By Joseph Chirume
At a public hearing last week Friday in Port Elizabeth, Khoi-San people and traditional leaders voiced their doubts about the 96-page bill that has been tabled in Parliament to officially recognise and establish traditional Khoi-San leaders and structures.
Richard Ndakane, chairman of the parliamentary committee responsible for drafting the bill, addressed the packed Gelvandale community hall: “We are trying to accommodate the Khoi-San people by addressing what was created some 350 years ago … It is important to work together to resolve the problem because all of us were victims of land exploitation.”
Numerous people said they wanted more time to read and understand the bill. Others wanted it translated into their languages.
Chief Florence de Vos said, “We do appreciate the Bill, but it has come a little bit late. We are not satisfied with some aspects of it. The Premier of the Eastern Cape has too much power with regards to what is stated in the bill while the chiefs and kings have little say. As the Khoi-San we don’t have any funding from the government. There is a Khoi-San symbol on our national emblem but we are not recognized by the very same government.”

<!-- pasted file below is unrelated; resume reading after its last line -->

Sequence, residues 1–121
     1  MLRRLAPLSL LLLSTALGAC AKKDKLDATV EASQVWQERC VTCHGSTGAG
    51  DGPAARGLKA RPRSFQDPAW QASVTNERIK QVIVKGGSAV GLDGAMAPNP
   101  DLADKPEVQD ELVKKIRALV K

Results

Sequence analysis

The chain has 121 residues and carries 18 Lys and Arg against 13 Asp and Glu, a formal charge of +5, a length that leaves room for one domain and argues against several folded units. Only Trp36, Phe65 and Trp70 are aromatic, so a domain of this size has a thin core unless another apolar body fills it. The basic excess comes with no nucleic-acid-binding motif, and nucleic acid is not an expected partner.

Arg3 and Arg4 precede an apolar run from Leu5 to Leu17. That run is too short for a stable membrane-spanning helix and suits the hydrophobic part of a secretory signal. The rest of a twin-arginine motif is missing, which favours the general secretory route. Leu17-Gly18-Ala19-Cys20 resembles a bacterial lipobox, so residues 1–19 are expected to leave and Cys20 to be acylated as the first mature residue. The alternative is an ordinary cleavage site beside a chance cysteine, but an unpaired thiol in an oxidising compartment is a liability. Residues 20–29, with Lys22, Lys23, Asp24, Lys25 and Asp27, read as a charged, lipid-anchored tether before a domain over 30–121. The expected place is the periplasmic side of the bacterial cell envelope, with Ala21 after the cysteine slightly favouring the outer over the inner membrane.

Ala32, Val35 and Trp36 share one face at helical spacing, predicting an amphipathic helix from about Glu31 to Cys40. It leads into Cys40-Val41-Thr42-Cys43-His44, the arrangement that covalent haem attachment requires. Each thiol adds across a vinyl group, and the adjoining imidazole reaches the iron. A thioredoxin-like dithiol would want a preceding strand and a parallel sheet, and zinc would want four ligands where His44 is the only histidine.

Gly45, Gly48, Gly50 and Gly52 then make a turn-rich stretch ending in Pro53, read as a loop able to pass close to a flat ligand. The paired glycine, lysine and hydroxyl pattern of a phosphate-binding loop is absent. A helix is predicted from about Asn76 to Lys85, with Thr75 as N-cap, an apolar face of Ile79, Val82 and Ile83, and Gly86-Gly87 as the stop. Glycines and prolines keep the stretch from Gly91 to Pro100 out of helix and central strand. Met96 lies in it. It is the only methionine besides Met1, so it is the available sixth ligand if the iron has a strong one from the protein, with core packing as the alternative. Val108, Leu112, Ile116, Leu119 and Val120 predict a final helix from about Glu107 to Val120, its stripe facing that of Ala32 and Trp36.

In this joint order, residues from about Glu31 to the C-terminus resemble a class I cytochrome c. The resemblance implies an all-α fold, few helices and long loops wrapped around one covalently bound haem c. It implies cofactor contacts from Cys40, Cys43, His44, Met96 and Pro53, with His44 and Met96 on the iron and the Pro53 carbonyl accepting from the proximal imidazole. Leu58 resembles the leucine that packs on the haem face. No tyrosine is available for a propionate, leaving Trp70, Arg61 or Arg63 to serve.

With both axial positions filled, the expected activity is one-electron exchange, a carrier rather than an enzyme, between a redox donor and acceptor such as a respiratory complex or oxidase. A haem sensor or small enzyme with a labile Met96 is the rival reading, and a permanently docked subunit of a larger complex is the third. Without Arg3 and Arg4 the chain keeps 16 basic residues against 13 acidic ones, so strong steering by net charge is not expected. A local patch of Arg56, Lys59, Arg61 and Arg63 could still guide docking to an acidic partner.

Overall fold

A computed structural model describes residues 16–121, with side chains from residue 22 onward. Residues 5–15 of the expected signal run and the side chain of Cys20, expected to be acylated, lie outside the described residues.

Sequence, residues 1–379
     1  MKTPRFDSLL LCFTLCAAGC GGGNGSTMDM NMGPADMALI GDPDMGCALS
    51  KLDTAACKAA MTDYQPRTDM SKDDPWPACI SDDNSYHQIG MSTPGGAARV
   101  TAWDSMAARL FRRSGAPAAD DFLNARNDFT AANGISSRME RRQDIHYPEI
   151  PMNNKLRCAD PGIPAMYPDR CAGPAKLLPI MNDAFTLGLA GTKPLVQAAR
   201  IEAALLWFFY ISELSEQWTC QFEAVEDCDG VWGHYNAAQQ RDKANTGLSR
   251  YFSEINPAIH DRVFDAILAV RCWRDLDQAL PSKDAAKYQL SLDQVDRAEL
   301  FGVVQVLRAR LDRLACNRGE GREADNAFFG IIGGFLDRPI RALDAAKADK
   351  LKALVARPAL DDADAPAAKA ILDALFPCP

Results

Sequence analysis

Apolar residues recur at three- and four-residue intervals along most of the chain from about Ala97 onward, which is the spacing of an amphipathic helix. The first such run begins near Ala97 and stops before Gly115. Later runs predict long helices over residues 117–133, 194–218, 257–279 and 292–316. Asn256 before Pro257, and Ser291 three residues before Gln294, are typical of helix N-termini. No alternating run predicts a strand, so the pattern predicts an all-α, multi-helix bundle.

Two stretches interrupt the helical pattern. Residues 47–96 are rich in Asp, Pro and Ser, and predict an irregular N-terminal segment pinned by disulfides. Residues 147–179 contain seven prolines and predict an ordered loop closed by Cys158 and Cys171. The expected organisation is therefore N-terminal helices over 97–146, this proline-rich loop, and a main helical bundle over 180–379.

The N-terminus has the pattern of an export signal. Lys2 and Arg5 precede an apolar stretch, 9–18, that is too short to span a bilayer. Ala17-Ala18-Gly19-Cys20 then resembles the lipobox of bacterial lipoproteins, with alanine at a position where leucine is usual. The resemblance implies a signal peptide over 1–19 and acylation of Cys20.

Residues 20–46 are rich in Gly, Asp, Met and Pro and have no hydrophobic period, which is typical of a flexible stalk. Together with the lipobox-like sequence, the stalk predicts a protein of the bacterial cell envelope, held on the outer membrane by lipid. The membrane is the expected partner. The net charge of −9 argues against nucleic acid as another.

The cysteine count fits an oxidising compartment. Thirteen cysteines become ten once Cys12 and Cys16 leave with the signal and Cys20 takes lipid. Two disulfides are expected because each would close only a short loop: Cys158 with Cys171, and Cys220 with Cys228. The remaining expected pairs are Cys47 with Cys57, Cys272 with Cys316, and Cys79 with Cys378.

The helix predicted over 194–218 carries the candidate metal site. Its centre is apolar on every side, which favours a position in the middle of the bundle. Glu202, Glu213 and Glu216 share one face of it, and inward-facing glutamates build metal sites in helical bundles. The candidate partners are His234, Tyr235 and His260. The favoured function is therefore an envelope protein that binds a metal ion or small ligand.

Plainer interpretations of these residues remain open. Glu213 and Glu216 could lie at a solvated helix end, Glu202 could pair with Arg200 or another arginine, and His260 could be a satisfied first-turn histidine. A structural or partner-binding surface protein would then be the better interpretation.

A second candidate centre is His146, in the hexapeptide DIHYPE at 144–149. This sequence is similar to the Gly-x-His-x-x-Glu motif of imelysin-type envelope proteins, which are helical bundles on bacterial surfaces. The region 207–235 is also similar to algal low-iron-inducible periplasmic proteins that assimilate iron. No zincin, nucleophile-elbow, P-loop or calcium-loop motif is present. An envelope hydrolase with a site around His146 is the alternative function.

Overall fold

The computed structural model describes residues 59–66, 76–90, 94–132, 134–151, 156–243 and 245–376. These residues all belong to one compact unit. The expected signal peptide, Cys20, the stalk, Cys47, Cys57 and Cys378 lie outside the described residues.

She said she and other chiefs would consult each other and make their own amendments to the bill which they would submit on 11 March 2017 in Kimberley at the final public hearing on the bill.
Community member, John Joseph said: “There is no one present in this hall from the municipality … Where is this bill taking us to? It started being drafted in 2010 and we are still holding public hearings … It’s long overdue.”
Activist Thabisa Mhlahlo said, “The bill is silent on rural areas and also says nothing about women. We know that the majority of the chiefs and kings live in rural areas and most of their subjects are women because men are often in urban areas working.The bill says nothing about this.”
Louisa Louis,a long time Khoi-San activist registered her disgruntlement over land ownership and chieftainship. She said, “According to the bill, we have to prove that we are true Khoi-San people in order to be recognized. The bill does not recognize our ancestors. The bill is surprisingly silent on issues concerning land compensation and ownership. I contend that it is not an honest legal framework. In June 1991, the term coloured was scrapped by the government but to my astonishment it is widely used for official identification purposes.”
Louis appealed to the Khoi-San chiefs to respect their people once elected into their positions. “Please don’t sell us out. Don’t accept bribes. Meet regularly with your people and respect their will. This is our land. We are the first nation so please recognize us, our culture and our language.”